Watercolour Sketching For Beginners: An Introduction to Watercolour | Imran Mughal | Skillshare

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Watercolour Sketching For Beginners: An Introduction to Watercolour

teacher avatar Imran Mughal, Graphic Designer & Illustrator

Watch this class and thousands more

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Taught by industry leaders & working professionals
Topics include illustration, design, photography, and more

Watch this class and thousands more

Get unlimited access to every class
Taught by industry leaders & working professionals
Topics include illustration, design, photography, and more

Lessons in This Class

66 Lessons (6h 57m)
    • 1. Introduction

    • 2. Watercolour Paint

    • 3. Pans or Tubes?

    • 4. Watercolour Brushes

    • 5. Sable Brushes

    • 6. Sharp Point

    • 7. Synthetic Brushes

    • 8. Summary & Mixed Brush

    • 9. Surfaces

    • 10. High Quality Paper

    • 11. Stretching Paper

    • 12. Soaking Paper

    • 13. Taping Paper

    • 14. Drying Paper

    • 15. Other Supplies

    • 16. Highlighting Tools

    • 17. Fine-Liners

    • 18. Supplies Checklist

    • 19. Watercolour Characteristics

    • 20. Colour Swatch

    • 21. Applying Colour

    • 22. Transparency

    • 23. Thin Solution

    • 24. Opacity Levels

    • 25. Watercolour Techniques

    • 26. Wet on Wet

    • 27. Variations

    • 28. Mini Sketch Wet on Wet

    • 29. Paper Angle

    • 30. Using a Hair Dryer

    • 31. Subtle Textures

    • 32. Flat Colour

    • 33. Experiment with Colours

    • 34. Wet on Dry

    • 35. Brush Pressure

    • 36. Glazing

    • 37. Monotone

    • 38. Mini Sketch Wet on Dry

    • 39. Second Colour

    • 40. Smaller Elements

    • 41. Colour Mixing

    • 42. Completing the Grid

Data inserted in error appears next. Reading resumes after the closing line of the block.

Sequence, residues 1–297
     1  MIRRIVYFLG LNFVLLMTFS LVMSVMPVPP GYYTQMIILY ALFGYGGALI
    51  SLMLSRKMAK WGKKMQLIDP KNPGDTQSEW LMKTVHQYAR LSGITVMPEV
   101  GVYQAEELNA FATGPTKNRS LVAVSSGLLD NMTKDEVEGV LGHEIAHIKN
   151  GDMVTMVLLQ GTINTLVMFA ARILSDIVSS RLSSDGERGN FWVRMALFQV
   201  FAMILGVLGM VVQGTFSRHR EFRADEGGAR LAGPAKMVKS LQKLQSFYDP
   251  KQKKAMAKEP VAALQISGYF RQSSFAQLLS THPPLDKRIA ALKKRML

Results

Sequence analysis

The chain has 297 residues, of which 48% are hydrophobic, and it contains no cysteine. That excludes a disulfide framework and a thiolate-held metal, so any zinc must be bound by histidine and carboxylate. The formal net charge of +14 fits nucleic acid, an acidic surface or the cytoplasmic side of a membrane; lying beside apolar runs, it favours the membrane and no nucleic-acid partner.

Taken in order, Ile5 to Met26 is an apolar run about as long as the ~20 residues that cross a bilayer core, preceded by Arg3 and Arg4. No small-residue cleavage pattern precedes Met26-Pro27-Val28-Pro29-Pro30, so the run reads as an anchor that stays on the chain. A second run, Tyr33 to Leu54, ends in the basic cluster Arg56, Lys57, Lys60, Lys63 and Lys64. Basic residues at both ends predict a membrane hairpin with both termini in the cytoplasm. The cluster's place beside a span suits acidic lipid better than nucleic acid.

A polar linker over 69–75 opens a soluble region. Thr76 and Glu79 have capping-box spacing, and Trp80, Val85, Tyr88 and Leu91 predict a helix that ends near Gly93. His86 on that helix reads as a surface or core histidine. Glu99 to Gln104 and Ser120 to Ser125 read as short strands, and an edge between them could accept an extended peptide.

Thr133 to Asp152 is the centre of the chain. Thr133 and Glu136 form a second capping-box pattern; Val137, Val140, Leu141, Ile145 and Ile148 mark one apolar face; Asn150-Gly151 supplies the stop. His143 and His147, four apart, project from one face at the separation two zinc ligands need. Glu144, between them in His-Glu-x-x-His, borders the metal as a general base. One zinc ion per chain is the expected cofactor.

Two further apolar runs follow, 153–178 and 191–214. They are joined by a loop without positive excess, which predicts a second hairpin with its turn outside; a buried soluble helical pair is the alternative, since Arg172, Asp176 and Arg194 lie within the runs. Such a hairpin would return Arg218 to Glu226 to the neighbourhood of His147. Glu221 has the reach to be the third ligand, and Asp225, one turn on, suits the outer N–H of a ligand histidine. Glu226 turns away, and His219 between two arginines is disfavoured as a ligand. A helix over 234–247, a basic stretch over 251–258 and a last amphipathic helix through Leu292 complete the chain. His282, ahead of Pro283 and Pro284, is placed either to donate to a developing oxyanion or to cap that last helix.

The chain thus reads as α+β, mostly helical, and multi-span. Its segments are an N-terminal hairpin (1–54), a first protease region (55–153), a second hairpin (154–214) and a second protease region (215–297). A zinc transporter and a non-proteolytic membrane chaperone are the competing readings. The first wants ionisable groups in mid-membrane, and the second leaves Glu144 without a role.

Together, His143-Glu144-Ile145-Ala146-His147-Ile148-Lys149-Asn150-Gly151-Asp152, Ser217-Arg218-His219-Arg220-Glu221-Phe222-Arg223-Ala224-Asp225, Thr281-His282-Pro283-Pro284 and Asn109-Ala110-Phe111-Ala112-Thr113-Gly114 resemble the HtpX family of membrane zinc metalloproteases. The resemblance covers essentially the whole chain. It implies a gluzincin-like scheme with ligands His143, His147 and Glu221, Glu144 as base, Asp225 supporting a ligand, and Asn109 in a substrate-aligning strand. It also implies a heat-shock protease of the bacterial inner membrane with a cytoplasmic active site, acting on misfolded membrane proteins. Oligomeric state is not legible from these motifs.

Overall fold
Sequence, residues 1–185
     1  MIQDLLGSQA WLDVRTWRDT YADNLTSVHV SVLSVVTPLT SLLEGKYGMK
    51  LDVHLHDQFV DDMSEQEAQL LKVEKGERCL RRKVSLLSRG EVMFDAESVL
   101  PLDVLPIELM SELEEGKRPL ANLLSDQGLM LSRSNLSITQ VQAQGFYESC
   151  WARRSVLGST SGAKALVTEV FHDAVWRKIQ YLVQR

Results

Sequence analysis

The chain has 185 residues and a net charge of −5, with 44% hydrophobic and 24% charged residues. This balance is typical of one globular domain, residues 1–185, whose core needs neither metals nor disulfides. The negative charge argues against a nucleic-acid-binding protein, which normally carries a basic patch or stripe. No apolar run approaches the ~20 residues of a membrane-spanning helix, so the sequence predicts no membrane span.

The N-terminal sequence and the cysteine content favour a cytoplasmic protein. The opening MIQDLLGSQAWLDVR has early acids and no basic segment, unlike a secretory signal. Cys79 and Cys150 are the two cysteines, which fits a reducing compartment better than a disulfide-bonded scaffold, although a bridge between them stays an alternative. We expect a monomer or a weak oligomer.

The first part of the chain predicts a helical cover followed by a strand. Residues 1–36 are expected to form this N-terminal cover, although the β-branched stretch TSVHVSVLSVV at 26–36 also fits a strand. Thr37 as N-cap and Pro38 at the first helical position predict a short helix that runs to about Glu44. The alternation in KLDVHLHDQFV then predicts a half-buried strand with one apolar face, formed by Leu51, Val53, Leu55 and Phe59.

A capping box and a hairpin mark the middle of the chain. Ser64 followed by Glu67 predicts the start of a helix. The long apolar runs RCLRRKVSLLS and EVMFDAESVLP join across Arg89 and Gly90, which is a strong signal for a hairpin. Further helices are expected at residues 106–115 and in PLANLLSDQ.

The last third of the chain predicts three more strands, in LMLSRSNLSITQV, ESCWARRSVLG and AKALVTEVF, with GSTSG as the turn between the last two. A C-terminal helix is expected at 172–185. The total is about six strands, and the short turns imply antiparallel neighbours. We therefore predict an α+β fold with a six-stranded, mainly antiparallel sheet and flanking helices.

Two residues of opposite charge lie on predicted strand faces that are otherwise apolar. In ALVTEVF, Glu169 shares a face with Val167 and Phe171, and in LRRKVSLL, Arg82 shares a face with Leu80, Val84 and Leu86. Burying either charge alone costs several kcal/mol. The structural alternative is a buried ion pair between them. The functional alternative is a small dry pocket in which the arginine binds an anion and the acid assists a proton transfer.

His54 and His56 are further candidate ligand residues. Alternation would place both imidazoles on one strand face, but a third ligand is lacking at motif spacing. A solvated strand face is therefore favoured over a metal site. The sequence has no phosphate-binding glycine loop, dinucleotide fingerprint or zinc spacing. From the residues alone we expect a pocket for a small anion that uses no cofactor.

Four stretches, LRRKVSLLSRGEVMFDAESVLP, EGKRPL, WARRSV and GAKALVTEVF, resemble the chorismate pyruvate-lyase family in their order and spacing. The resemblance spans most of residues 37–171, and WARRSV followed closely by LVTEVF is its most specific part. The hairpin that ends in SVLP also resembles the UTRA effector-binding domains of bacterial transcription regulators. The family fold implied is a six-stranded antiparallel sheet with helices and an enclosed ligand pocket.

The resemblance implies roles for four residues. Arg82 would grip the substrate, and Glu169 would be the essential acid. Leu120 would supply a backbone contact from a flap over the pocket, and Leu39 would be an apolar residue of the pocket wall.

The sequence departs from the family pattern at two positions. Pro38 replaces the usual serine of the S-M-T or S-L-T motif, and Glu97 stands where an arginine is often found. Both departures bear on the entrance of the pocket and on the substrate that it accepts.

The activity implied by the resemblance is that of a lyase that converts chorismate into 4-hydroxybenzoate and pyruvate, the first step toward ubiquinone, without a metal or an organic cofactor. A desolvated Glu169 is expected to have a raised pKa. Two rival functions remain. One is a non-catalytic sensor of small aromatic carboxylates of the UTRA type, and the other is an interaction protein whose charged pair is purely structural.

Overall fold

• 43. Colour Values

    • 44. Mixed Colour Values

    • 45. Gradient Technique

    • 46. Full Sketch

    • 47. Smooth Colour Wash

    • 48. Light Tones

    • 49. Texture Variances

    • 50. Single Flat Colour

    • 51. Masking

    • 52. Painting Over

    • 53. Remove Masking

    • 54. Adding Mid-Details

    • 55. Glazing Over

    • 56. Colour Dots

    • 57. Lighter Dots

    • 58. Glazing Over Dots

    • 59. White Details

    • 60. Darker Details

    • 61. Boat Details

    • 62. Finer Boat Details

    • 63. Highlight Details

    • 64. Basic Shadow

    • 65. Class Project

    • 66. Final Thoughts

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About This Class

Always wanted to learn how to use watercolours? Or tried watercolours already but they just didn’t work? Or not done watercolours for a while and want a refresher course? If the answer to any of these is yes, then this Watercolour Sketching For Beginners Class is perfect for you!

In this class, we will:

  • Go through all the basic materials and supplies that you will need to get started in the wonderful world of watercolour. All materials and items that are recommended and used in this class can be viewed in the resource sheet.
  • Look at how to stretch your watercolour paper to eliminate warping and bubbling to give you the best experience in applying watercolour to paper.
  • Complete simple exercises to demonstrate the characteristics of watercolours such as transparency and opacity.
  • Work through two main techniques: wet on wet and wet on dry, and complete mini-sketches using both techniques.
  • Explore: glazing, textures, colour variations, values, monotone and much more!

We will then move onto completing a step-by-step watercolour sketch and highlight further tips and techniques to give a complete rounded, first-hand experience in watercolour sketching.

As you work through the lessons in this class, you will accumulate a full set of reference sheets that you will create via the exercises that are done. These will become a super useful resource for you when it comes to your class project and any other projects you take part in with watercolour.